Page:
The Alabama Electrical Contractors Board has approved use of National Electrical Installation Standards (NEIS) for regulator purposes, effective Jan. 1, 2002. The NEIS are a series of quality standards for electrical construction, published by the National Electrical Contractors Association (NECA) and approved by the American National Standards Institute (ANSI).
"What this action means is that counties throughout the state now have the ability to adopt NEIS standards for electrical construction within their jurisdiction," said David Carpenter, chairman of the Alabama Electrical Contractors Board. "This means they'll be able to inspect jobs to the workmanship requirements of the NEIS, in addition to safety requirements of the National Electrical Code."
National Electrical Installation Standards explain what is meant by installing electrical products and systems in a "neat and workmanlike manner" as required by the National Electrical Code (NEC). Everything in the publications agrees with the NEC. However, because they are quality standards, NEIS may also contain additional requirements that go beyond NEC safety minimums. Examples of such supplemental quality and workmanship requirements include:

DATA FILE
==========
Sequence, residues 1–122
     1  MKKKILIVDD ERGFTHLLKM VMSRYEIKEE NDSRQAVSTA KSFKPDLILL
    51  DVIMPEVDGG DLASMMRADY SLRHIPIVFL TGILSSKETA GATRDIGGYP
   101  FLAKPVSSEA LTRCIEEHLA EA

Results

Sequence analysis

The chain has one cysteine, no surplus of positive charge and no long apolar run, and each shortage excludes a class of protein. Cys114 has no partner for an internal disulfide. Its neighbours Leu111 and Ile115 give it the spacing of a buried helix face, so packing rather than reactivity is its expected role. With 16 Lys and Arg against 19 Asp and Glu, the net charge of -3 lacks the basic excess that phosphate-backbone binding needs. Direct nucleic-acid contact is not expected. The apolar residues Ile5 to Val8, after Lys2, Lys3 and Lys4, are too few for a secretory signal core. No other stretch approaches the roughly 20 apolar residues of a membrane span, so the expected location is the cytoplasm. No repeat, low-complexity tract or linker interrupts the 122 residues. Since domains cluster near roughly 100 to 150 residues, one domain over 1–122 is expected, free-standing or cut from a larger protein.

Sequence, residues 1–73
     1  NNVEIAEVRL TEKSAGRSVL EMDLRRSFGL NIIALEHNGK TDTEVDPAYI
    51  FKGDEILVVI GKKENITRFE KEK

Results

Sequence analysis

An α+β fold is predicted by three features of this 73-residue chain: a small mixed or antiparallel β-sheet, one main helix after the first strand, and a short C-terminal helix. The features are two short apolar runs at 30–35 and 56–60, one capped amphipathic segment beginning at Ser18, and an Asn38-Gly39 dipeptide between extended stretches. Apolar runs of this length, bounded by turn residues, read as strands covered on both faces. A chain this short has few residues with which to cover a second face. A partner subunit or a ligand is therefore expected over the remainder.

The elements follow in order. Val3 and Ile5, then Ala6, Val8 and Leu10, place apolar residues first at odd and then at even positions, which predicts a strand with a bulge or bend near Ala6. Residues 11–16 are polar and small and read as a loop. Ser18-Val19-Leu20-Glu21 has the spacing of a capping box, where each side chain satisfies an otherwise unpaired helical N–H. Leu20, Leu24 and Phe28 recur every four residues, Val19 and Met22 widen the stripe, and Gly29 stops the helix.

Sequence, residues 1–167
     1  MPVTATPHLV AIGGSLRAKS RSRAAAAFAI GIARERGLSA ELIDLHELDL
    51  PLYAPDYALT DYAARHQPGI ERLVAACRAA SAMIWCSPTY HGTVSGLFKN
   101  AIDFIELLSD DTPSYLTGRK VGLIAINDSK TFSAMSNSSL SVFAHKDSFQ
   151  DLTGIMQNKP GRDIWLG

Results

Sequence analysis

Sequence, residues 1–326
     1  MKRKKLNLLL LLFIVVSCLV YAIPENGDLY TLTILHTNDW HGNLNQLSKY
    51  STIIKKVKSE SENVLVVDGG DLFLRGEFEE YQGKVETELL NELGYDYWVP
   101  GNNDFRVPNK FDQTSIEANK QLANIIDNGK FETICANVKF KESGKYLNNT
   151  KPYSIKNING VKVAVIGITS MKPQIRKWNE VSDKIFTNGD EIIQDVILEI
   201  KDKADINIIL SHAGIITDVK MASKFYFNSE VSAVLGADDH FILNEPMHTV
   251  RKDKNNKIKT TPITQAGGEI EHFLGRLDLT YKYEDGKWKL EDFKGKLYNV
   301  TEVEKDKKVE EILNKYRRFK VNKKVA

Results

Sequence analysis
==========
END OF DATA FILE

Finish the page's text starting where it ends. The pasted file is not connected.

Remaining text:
·Receiving and storing material on site
·Proper handling and lifting procedures
·Seismic bracing of electrical equipment
·Installation procedures, such as conduit bending
·Testing, lamp burn-in, and other project close-out procedures ·Site cleanup
·Orderly turn-over of project to owner
"Now that the state of Alabama has acted to allow regulatory use of our standards, the next step is an educational process," said Brooke Stauffer, NECA director of codes and standards. "Counties have the right to adopt National Electrical Installation Standards, and now we have to give them the knowledge to make sure they do so. There are a lot of benefits to using NEIS, and it's up to us to inform Alabama code officials and inspectors all about them."
To kick off this educational effort, the International Association of Electrical Inspectors (IAEI) will have a presentation of NECA's quality standards at the upcoming Alabama Chapter meeting. The April meeting in Birmingham is expected to be attended by officials from all over the state.
"We should have two hundred or so electrical inspectors there," Stauffer said. "That's a great opportunity to begin using NEIS for regulatory purposes in Alabama."